Pete Fredenburg, who built a national championship college football program out of the dust, will take his place alongside the other great college coaches in state history as part of the 2018 class of inductees to the Texas Sports Hall of Fame.

Vince Young knows something about winning national titles as well. The former University of Texas quarterback, who directed the Longhorns to the 2005 NCAA championship with a memorable 41-38 victory over USC in the Rose Bowl, also was voted in as a member of the class, which the Sports Hall of Fame announced Monday. The rest of the group includes Super Bowl-winning coach Gary Kubiak, former Texas Rangers all-star Michael Young, ex-Texas Tech athletic director Gerald Myers, Duncanville High School girls basketball coach Cathy Self-Morgan, former University of Texas volleyball and basketball star Nell Fortner, former Olympic swimming gold medalist Jill Sterkel and former record-setting Texas A&I running back Johnny Bailey.

The class will be enshrined at a banquet at the Ferrell Center on April 7, 2018.

Fredenburg started the program at Mary Hardin-Baylor from scratch in 1998. The Crusaders have gone 196-38 under his watch with 14 conference championships and one NCAA Division III national title, won last season. He also spent 11 years as a defensive assistant under Grant Teaff at Baylor.

Self-Morgan constructed Duncanville’s girls basketball program into a statewide powerhouse. She has led the Lady Panthers to five state championships, and from 2012 to 2014 Duncanville won 105 straight games.

For her career, Self-Morgan has accumulated more than 1,000 wins and eight state titles, including three at Austin Westlake. She was a decorated basketball player at the University of Texas before joining the coaching ranks. She has won numerous honors over the course of her coaching career, including the Naismith National Coach of the Year honor.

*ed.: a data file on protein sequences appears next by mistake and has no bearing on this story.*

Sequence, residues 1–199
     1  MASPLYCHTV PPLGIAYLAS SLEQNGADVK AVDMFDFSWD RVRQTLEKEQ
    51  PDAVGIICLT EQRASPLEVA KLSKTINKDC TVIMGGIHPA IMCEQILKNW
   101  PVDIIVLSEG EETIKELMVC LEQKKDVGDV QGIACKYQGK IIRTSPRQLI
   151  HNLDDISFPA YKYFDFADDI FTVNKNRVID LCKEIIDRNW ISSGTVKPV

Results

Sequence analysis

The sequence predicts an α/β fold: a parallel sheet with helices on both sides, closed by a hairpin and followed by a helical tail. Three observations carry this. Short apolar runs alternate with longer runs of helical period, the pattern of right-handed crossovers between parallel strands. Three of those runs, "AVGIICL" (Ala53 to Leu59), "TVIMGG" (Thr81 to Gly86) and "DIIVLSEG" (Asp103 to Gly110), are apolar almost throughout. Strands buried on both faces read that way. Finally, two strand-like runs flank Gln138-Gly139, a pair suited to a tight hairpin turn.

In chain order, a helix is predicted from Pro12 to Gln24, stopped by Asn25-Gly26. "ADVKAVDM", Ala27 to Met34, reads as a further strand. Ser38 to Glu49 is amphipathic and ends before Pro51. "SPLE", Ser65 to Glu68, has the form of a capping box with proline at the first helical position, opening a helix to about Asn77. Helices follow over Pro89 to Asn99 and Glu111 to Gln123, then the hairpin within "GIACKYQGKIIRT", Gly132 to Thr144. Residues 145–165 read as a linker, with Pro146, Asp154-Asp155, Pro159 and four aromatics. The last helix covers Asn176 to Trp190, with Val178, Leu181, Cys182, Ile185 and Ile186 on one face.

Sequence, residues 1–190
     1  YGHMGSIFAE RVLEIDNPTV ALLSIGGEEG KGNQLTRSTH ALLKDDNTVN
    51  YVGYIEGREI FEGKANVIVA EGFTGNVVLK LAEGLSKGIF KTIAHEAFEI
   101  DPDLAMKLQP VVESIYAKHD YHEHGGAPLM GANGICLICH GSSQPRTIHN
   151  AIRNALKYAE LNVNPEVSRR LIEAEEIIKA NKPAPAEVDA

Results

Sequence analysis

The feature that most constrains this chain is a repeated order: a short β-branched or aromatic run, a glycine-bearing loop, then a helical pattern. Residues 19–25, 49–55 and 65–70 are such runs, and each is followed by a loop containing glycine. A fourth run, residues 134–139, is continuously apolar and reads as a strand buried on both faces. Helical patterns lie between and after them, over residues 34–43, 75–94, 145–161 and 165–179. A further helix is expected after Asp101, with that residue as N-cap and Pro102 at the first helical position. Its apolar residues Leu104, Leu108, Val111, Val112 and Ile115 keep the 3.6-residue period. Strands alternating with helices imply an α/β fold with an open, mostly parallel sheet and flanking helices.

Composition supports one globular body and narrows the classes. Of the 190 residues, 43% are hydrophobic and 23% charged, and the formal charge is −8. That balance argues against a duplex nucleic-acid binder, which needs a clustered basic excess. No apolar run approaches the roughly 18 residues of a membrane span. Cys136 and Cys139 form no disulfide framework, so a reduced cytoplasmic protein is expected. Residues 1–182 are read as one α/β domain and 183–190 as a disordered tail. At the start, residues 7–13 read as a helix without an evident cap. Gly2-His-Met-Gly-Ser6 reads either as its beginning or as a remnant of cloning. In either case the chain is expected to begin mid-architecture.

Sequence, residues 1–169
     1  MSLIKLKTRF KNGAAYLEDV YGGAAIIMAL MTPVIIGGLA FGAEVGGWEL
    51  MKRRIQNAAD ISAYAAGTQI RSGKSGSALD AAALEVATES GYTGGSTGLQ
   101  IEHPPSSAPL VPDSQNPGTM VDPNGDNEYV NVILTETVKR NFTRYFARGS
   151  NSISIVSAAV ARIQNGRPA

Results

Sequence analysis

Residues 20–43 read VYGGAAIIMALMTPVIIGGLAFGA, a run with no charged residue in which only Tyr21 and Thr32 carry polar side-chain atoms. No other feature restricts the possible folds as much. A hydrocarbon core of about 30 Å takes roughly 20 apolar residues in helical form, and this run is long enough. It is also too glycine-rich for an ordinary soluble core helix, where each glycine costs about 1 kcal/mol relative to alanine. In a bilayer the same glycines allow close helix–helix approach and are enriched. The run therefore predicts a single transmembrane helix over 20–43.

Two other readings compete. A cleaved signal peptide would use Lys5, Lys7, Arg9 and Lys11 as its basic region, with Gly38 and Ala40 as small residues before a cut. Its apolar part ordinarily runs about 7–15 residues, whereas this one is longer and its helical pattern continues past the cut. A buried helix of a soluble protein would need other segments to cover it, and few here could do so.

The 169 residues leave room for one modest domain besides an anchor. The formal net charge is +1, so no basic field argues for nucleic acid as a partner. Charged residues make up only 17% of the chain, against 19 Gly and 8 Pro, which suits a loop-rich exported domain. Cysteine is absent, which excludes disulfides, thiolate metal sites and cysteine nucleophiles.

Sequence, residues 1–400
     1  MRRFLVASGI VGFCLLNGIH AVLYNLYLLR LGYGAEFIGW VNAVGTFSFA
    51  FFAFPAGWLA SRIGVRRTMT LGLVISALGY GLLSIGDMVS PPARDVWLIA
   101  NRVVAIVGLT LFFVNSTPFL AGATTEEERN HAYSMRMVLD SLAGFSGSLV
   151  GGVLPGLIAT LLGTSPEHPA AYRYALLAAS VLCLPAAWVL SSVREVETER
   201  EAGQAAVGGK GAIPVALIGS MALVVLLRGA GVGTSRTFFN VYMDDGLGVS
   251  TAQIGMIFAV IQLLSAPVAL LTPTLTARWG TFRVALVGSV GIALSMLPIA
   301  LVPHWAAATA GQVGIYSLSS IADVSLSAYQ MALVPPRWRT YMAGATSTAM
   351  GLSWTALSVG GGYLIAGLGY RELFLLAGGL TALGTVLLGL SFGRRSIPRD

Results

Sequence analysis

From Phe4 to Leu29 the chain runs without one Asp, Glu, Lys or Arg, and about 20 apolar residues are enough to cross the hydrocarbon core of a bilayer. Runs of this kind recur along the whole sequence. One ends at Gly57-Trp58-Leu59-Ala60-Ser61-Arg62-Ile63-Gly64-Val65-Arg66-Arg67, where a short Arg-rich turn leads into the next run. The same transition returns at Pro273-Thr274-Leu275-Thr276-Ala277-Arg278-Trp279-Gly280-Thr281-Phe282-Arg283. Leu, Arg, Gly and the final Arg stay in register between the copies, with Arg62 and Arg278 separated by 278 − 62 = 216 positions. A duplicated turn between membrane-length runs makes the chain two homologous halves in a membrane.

After a stellar high school football career at Houston Yates, Bailey carved out his place at one of the great small-school college players of all-time. He rushed for 6,320 yards at Texas A&I — which is now known as A&M-Kingsville — from 1986-89, becoming the first (and still only) three-time winner of the Harlon Hill Trophy, given to the nation’s top NCAA Division II player.

Bailey played in 81 games in the NFL with three teams, making the Pro Bowl as a return specialist in 1992. He died from pancreatic cancer in 2010 at age 43.

A California native, Sterkel joined the University of Texas swimming and diving team after high school. She won NCAA titles in the 50-yard butterfly and the 100-yard butterfly as a senior in 1983. She was a three-time team captain on the U.S. Olympic team, representing her country in 1976, 1984 and ’88 while capturing two gold medals and two bronzes. She later coached UT’s swimming and diving team from 1992-2007, helping two Longhorn swimmers reach the Olympic team themselves.

Vince Young accounted for 467 yards of offense in UT’s epic win over USC, which gave the Longhorns their first national title since 1970. He won NFL Offensive Rookie of the Year honors with the Tennessee Titans in 2006, and twice made the Pro Bowl.

Michael Young was a seven-time all-star infielder for the Rangers. He won the AL batting crown in 2005, and finished his career with an even .300 batting average.

A native of Houston, Kubiak played quarterback at Texas A&M and in the NFL before entering the coaching ranks. In the NFL, he has served as the head coach for both the Houston Texans and the Denver Broncos, winning Super Bowl 50 with the Broncos. He has an overall NFL coaching record of 82-75 with three division titles.

Myers was a basketball player and coach at Texas Tech before moving into athletic administration. As the Red Raiders’ head coach, he went 358-304 with a pair of Southwest Conference regular-season titles and three tournament crowns. He was a five-time SWC Coach of the Year.

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